North Carolina initial jobless claims continue to sink | Local

New jobless claims in the states of North Carolina continued their recent decline last week, this time to 2,365, the US Department of Labor reported Thursday.

Claims were down from a revised 2,616 for the week ending March 12.

The pandemic low was 1,848 claims for the week ending January 1.

The state was 19th in the nation for the number of jobless claims, up one from last week.

With no COVID-19 pandemic unemployment insurance programs available to North Carolinians since September 4, total claims represent regular new claims for state unemployment benefits.

The US Labor Party listed 12,937 North Carolina residents receiving regular state benefits as of March 12, up from a revised 13,863 the previous week.

An uptick in NC claims is likely soon tied to the December 18 fire at a QVC distribution center in Rocky Mount.

The company announced it was closing the facility, affecting 1,953 employees. In a WARN Act notice filed with the NC Department of Commerce, QVC said it would begin permanently laying off employees on February 1.

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On March 14, North Carolina received a $4 million federal grant to help about 650 QVC workers. The funds come from the Federal Employment Restoration Program for Displaced Workers. Employees in an area of ​​10 counties were affected by the factory fire.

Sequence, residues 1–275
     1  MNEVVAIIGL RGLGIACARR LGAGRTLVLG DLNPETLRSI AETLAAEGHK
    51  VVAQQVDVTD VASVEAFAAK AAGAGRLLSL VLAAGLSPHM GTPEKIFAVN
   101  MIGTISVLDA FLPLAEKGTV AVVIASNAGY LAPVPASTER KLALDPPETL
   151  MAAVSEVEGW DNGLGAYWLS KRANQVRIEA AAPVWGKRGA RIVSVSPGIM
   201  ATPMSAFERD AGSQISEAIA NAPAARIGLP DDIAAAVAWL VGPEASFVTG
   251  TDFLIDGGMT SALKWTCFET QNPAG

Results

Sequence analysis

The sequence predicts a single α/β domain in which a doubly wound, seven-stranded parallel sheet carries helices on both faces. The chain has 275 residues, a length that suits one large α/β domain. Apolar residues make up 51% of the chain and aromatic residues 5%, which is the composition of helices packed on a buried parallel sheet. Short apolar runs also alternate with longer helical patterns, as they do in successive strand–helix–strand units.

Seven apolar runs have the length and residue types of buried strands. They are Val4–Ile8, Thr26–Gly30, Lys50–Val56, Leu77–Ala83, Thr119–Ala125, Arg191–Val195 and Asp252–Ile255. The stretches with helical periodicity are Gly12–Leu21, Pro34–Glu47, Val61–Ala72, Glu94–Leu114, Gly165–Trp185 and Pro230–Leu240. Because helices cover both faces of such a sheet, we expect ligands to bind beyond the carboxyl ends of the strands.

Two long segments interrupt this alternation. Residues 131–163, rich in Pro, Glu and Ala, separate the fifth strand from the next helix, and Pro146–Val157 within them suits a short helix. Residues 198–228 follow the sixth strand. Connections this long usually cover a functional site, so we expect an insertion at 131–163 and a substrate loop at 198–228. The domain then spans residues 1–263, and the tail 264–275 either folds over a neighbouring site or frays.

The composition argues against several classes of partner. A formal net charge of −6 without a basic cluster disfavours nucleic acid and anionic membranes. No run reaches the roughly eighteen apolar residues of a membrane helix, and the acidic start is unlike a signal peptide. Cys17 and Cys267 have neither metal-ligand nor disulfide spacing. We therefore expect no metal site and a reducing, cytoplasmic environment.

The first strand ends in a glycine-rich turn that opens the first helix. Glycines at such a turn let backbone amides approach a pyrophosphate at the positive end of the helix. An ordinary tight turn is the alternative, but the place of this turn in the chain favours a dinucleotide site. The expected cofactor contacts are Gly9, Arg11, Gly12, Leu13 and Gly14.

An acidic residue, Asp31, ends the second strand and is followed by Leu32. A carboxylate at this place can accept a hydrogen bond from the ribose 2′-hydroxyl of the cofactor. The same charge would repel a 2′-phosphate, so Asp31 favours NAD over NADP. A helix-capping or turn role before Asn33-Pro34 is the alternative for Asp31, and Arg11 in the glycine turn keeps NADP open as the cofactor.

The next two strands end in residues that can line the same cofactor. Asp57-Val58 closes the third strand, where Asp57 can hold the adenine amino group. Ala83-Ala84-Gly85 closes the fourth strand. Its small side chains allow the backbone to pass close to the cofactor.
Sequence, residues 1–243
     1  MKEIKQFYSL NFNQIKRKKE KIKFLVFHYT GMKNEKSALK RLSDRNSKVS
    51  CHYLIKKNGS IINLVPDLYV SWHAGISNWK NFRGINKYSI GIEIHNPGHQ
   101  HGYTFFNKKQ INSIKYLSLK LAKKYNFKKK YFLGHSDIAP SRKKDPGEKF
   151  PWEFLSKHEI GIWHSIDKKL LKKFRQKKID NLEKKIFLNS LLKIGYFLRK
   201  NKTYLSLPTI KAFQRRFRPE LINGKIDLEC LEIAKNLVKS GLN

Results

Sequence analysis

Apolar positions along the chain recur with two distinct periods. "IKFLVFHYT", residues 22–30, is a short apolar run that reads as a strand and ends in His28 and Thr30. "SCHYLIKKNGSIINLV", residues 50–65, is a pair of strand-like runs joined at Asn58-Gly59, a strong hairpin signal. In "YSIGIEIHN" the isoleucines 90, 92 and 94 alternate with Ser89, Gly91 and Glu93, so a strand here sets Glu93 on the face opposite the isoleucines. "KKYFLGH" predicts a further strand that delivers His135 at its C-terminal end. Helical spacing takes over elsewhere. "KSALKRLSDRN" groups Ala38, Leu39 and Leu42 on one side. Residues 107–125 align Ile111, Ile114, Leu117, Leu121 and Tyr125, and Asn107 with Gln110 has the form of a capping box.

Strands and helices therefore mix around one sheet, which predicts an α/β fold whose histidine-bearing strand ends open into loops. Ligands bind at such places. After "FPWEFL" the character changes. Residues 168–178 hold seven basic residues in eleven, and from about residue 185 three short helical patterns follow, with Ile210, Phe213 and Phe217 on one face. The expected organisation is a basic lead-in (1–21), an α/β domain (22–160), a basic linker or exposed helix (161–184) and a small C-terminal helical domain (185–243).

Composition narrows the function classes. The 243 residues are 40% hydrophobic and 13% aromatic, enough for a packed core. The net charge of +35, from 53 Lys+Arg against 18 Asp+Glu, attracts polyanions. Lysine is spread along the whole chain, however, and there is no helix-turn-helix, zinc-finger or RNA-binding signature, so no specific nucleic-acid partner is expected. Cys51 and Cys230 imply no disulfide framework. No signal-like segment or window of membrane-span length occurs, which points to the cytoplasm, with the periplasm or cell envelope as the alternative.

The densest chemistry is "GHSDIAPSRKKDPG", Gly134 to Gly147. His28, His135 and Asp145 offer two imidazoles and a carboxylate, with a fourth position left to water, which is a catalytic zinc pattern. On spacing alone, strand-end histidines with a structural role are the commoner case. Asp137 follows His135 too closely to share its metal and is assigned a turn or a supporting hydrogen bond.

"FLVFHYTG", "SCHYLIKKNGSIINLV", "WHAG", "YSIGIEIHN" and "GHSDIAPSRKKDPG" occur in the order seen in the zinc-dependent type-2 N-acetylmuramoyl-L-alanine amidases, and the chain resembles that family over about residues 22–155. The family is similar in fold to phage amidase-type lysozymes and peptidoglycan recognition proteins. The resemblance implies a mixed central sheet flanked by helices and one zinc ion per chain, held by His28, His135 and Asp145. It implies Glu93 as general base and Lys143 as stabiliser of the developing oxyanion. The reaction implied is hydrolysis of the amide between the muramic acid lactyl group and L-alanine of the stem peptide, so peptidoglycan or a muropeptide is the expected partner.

Overall, claims in North Carolina have declined in part as employers remain reluctant to lay off workers in a tight labor market.

“This recovery is radically different from the painfully slow one that followed the Great Recession,” said John Quinterno, director of South by North Strategies Ltd., a Chapel Hill research firm specializing in economic and social policy.

“A key difference is the massive amount of support provided by Congress to households, businesses, and state and local governments at the onset of the recession.

“Without this support, our recovery trajectory would likely have resembled the long, slow climb that occurred after the Great Recession,” Quinterno said.

National Perspectives

The national filing of initial unemployment insurance claims was 187,000, down 28,000 from the week ending March 12.

The US Labor Party said March 12 initial unemployment insurance claims were the lowest nationally since 182,000 for the week ending September 6, 1969.

As of Feb. 12, only New Jersey and New Mexico receive extended federal pandemic unemployment insurance benefits.

This means that almost all of the unemployment insurance claims currently being reported relate to state labor departments.

State labor force data does not distinguish between the number of full-time, temporary, or part-time workers, or the number of jobs held.

The US Department of Labor’s U6 index includes these people. The state’s U6 unemployment rate was 8.4% in December, while the US rate was 7.2% in January. US Labor updates state U6 rates on a quarterly basis.

“Unfortunately, while the virus appears to have receded, a new threat to the economy has emerged with the war in Ukraine,” said Michael Walden, professor of economics at NC State University.

“Until the Ukrainian war is resolved, economic uncertainty will remain high.”

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